Earlier this month, in a remote area about 40 miles south of Fort Worth, Texas, a contractor accidentally struck an underground natural gas pipeline. It exploded, sending a ball of fire hundreds of feet into the air, killing the worker.
The next day, another gas pipeline exploded in a desolate stretch along the Texas panhandle near the Oklahoma border – another accidental rupture, two more people dead.
With the BP oil disaster in the Gulf dominating headlines, two pipeline explosions in as many days didn't get much national attention. Even in Texas, where drilling is as ubiquitous as ten-gallon hats and Friday night football, the explosions didn't cause a big stir.
But these events were not overlooked by Laura Reeves and other residents of an affluent, heavily populated section of Fort Worth known as Ridglea.
Oklahoma City-based Chesapeake Energy plans to drill for natural gas in Ridglea, on a site known as Westridge. It's less than 1,000 feet from hundreds of homes, a school, a daycare center and a country club. The Chesapeake plan calls for four initial wells, and up to 20 more after that, as well as a large pipeline. Reeves and some of her neighbors are rattled, and ready for a fight.
"Just think if a pipeline explosion had happened here," Reeves said. "How many lives would have been lost? These oil and gas companies keep saying that these things are rare, these things don't normally happen, can't happen. But the truth is they do happen."
Reeves and various civic groups, such as Fort Worth Citizens Against Neighborhood Drilling Operations (FWCANDO), insist that natural gas wells simply have no place in residential areas. But their voices represent the minority view in Fort Worth. Here, and across Texas, there is generally little opposition to oil and gas drilling. Most people in the Fort Worth area welcome it, and the billions of dollars of wealth are piped into the region as a result.
"I'd say only about ten percent of the population are opposed to drilling," said state Representative Lon Burnam, who represents a large section of Fort Worth. Rep. Burnam has been pushing the city council to put a moratorium on any new drilling until air quality issues can be better understood, and more stringent safety regulations put in place.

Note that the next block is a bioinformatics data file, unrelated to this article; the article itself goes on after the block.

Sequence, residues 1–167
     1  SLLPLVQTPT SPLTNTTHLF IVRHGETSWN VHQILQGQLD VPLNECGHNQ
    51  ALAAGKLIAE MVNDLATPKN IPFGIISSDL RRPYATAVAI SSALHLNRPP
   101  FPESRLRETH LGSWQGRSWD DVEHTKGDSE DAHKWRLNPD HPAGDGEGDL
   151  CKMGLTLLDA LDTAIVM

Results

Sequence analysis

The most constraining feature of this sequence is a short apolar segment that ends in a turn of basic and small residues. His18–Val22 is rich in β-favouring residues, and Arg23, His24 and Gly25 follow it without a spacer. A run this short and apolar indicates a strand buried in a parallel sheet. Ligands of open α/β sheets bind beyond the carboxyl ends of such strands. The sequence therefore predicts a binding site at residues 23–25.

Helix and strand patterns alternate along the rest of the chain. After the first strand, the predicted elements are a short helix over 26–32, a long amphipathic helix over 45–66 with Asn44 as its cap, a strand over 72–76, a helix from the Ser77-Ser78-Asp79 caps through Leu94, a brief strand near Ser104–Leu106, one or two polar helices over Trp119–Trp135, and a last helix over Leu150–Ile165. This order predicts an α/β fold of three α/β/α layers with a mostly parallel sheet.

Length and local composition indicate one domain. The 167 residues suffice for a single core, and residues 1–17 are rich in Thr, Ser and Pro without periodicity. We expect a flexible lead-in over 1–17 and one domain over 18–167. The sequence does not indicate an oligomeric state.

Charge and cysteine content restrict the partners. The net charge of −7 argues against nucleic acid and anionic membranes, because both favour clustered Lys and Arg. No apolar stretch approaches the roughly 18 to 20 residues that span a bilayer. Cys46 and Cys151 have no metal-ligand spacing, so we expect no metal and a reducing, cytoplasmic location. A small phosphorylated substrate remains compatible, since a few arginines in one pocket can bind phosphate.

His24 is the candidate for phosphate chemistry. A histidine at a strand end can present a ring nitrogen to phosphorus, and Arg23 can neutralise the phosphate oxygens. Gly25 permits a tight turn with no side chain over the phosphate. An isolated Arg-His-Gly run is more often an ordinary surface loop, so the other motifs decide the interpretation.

Burnam, like Reeves, admits that opposing drilling in Texas can be like opposing trading on the floor of the New York Stock Exchange. "The oil and gas industry completely controls the state, calls all the shots and that's just the way it is," Rep. Burnam sighed. "Sadly, it'll take a tragedy for someone to wake up and put a halt to drilling in residential communities."
That heavily populated sections of Fort Worth could become host to so many gas wells is not too surprising considering the state's historic ties to, and acceptance of, drilling. And, of course, there's the money at stake.
Since 2004, when a vast deposit of natural gas in the Barnett Shale, on which Fort Worth sits, became more accessible because of new horizontal drilling technology, Chesapeake has drilled around 2,000 wells there. Permits for around 14,000 wells are believed to have been granted on the shale in North Texas. There are around 1,300 wells operating just in the Fort Worth city limits -- about one quarter of which are operated by Chesapeake. Before 2005, there were none. It's an economic boom fueled by the shale play and the push for alternative energy sources beyond petroleum. The state of Texas now generates 40 percent of its electricity using natural gas, viewed as cleaner-burning and less harmful to the atmosphere than coal.
With Chesapeake alone shelling out north of $10 billion dollars on land leases, permitting fes, and royalty deals in the past few years, there's usually little resistance to their agenda. It's one that represents jobs. The gas drilling industry has created some 53,000 jobs in the past decade, and that's just in the Fort Worth area, according to a study by the Texas Workforce Commission.